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South Korea Urges Global Cooperation on AI Technology

Updated: May 24

South Korea's science and information technology minister emphasises the necessity of global cooperation in AI development. 16 tech companies voluntarily commit to developing AI safely. 14 companies, including Google and Microsoft, pledge to use methods like watermarking to identify AI-generated content.


Lee, who co-hosted a global AI meeting in Seoul with Britain, emphasised the importance of collaboration in addressing issues such as job security, copyright, and inequality.


The summit recently finished, with 16 tech companies voluntarily committing to the safe development of AI. Furthermore, 14 businesses, including Google, Microsoft, and OpenAI, signed a separate promise to use techniques such as watermarking to identify AI-generated content. The firms also promised to encourage employment development and help socially vulnerable groups.


Lee emphasised that cooperation is not an option but a requirement in the realm of AI. He stated in an interview with Reuters, "The Seoul summit has further shaped AI safety talks and added discussions about innovation and inclusivity." Lee expressed his expectation that future summits would focus on increased collaboration in establishing AI safety institutes.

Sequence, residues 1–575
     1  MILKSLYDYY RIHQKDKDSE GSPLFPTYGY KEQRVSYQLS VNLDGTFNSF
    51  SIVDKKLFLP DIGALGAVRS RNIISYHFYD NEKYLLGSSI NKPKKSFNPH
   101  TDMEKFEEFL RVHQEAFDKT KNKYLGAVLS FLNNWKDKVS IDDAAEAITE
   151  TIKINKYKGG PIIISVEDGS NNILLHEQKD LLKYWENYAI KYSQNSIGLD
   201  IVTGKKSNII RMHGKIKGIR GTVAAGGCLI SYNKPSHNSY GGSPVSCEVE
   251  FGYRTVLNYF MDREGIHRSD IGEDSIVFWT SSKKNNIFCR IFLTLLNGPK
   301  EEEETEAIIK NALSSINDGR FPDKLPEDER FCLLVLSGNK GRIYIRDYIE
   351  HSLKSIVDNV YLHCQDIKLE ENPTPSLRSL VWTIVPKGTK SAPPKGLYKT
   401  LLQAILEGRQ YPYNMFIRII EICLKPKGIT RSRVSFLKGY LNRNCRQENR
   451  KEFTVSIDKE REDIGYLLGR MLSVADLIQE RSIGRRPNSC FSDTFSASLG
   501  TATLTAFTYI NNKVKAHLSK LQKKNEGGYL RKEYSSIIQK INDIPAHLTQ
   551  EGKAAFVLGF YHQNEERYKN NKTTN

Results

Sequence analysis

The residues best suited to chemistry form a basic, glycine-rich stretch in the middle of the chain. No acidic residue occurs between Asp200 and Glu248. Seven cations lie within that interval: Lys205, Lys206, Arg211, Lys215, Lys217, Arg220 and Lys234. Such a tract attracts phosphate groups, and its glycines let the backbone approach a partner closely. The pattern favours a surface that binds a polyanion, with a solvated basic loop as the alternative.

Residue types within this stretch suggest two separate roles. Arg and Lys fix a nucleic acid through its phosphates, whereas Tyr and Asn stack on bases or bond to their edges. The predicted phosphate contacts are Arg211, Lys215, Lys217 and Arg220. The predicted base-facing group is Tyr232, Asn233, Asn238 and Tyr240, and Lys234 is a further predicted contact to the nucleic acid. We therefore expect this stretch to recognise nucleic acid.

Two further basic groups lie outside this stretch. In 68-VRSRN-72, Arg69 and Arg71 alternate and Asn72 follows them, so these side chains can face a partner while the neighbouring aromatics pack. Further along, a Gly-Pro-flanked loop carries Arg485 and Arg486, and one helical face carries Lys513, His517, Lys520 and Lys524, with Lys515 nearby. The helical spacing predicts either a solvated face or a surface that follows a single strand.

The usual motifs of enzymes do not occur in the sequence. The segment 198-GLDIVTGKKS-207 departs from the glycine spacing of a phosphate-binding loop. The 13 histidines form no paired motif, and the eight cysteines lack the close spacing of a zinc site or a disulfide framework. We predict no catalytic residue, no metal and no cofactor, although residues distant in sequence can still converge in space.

The first global AI conference was held in Britain last November, and the next in-person event is expected to take place in France, maybe in 2025. During the recent meeting, ministers and officials from many countries discussed how state-backed AI safety institutes may work together to properly govern the technology.


While AI specialists praised the progress made in establishing legislation, some stressed the importance of enforced guidelines. According to Francine Bennett, Director of the AI-focused Ada Lovelace Institute, "We need to move past voluntary... the people affected should be setting the rules via governments." Max Tegmark, president of the Future of Life Institute, has advocated for AI services to meet required safety requirements before entering the market. This approach will ensure that businesses choose safety over profit, avoiding potential public backlash from unintended harm caused by AI systems.


Minister Lee admitted that rules frequently lag behind rapid advances in technologies such as artificial intelligence (AI). However, he highlighted the importance of flexible laws and regulations to ensure that the public may use AI safely.

 
  • South Korea's science and information technology minister emphasises the necessity of global cooperation in AI development.

  • 16 tech companies voluntarily commit to developing AI safely.

  • 14 companies, including Google and Microsoft, pledge to use methods like watermarking to identify AI-generated content.


Source: REUTERS

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